Lindsey German on trusting Tories and the Jeremy Corbyn she knows
There’s one thing Jonathan Ashworth said that was right yesterday – he is a plonker and looks very stupid. It does beggar belief that a Labour shadow minister, in charge of a key area of the party’s work and the issue which is its strongest suit, should have a lengthy conversation with a ‘Tory friend’ who is a political activist where he says that Labour is doing terribly in the election and won’t win because of Brexit and Corbyn.
Perhaps Ashworth is the only person surprised that this recorded conversation ended up on the right-wing Guido Fawkes website. Conveniently, the day after Johnson had his worse day so far over the NHS, the man who should be making political capital over this is exposed as someone prepared to discuss the party’s prospects with their political enemy and showing at the very least a stunning and cynical contempt for the party he is representing.
He also shows contempt for the tens of thousands of activists who have been out campaigning on the doorstep and in town and city centres up and down the country, people who are desperate for a Labour government to usher in radical change. They stand in contrast to much of the PLP and their hangers-on who don’t like or understand Corbynism and who are desperate for the day when politics returns to business as usual.
What they don’t understand is that it isn’t going back to a comfortable centre ground. If Johnson wins then he will usher in an attack on workers’ rights, on the environment, on the constitution and on electoral boundaries, on food standards, the health service and much else. His government will be lying, cavalier, authoritarian and unpleasant.
A Corbyn government would begin a fundamental change to British society with much higher levels of public spending and public ownership of key industries. It would seek to right some of the major iniquities which mark Britain in the 21st century.
That’s why Corbyn is feared and hated by those who want to maintain the status quo, and why they spend so much time attacking him. Unfortunately, some Labour MPs and peers (don’t forget the likes of Mandelson and Blunkett hang around in the Lords accountable to absolutely no one) would rather see Johnson in power than Corbyn and have spent the four years of his leadership sabotaging everything that he does.
I don’t know if Ashworth fits into this category, but I do know that there are far too many Labour MPs who work against Corbyn on a regular basis. They are very quiet now, but let’s not kid ourselves that they are quiet because they are out fighting for a Labour victory night after night. Rather it’s because they are biding their time until they judge that the time is right to pounce.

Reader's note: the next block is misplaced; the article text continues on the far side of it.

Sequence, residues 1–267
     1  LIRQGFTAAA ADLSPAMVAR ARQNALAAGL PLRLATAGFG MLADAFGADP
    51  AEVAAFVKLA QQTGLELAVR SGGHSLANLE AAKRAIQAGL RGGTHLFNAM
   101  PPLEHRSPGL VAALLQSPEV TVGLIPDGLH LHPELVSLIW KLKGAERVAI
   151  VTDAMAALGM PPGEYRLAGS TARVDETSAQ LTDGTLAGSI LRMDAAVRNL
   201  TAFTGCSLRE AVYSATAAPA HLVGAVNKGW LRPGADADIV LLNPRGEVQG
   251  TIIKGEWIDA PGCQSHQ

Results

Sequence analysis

The better that Labour does on Thursday the harder it will be for them to advance. So at least some of them have an interest in Labour doing badly. The discussion Ashworth had is only what a number of them will be saying in private to journalists and other colleagues.
The left has three tasks therefore as the election draws to a close. The first is to ignore Ashworth and any others attacking Labour and to spread the positive message about how we can change the political agenda. That has to go until 10pm on Thursday night. The second is to defend the left within Labour which has always been under attack from the right. The third is to organise to fight, because the most important question is how the left fights back against the interests of capital and big business. I sense that Labour is moving ahead in the polls and that the canvassing is very positive in lots of areas. What this will all mean by Friday morning is too difficult to call at present – but as I’ve said repeatedly, whatever the outcome there will be a great deal to fight for.
A threat to the few
I haven’t said much about Jeremy Corbyn himself in these Briefings, but I think he has shown amazing strength in this election campaign. The barrage of criticism and lies about him is, as far as I can see, unprecedented. I have known of similar levels of attack on two socialists in my lifetime. One was Arthur Scargill during the 1984-5 miners’ strike when he endured lies, spies and abuse. The other was Tony Benn from the late 1970s through the 1980s. I know from what Tony said to me how hard it was for him and his family, and it was something that affected him throughout his life.
However, neither endured so much and so systematic abuse as Jeremy Corbyn. Particularly hurtful to him and to all anti-racists is the untrue charge of antisemitism. He became leader not out of personal ego or ambition but for political reasons – because he thought the left should stand a candidate. His politics were the reason that many people saw him as different from the run of the mill carbon copy centre politicians - and the same reason why the mainstream media, the military, the right, don’t like him.
This is mainly political not personal, which is why Foot, Kinnock and Miliband also got appalling treatment from these same quarters – and so would any other left leader. The exception who proves the rule in Tony Blair, who made his peace with Murdoch before getting elected and never threatened wealth and power one iota.
I have known and worked with Jeremy for many years and he is a man of exceptional honesty and principle, genuinely concerned about changing society and willing to engage with a wide range of people and ideas. If that makes you a threat, then there is something badly wrong with our political system.
As national convenor of the Stop the War Coalition, Lindsey was a key organiser of the largest demonstration, and one of the largest mass movements, in British history.
Her books include ‘Material Girls: Women, Men and Work’, ‘Sex, Class and Socialism’, ‘A People’s History of London’ (with John Rees) and ‘How a Century of War Changed the Lives of Women’.
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